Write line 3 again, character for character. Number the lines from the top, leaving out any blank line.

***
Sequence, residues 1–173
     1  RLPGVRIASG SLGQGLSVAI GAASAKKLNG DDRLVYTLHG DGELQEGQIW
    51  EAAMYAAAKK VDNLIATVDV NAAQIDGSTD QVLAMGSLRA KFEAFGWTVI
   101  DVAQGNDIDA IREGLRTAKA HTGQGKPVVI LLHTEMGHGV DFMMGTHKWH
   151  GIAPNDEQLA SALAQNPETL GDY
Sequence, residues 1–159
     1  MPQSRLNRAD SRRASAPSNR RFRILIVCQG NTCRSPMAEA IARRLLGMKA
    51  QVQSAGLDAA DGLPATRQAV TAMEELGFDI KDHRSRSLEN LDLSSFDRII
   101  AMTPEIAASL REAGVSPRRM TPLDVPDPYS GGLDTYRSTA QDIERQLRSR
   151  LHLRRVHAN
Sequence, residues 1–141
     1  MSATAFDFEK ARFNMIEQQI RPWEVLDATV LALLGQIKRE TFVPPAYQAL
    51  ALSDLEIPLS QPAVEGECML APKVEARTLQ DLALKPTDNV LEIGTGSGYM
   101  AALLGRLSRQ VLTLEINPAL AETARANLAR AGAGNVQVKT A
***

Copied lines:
    51  EAAMYAAAKK VDNLIATVDV NAAQIDGSTD QVLAMGSLRA KFEAFGWTVI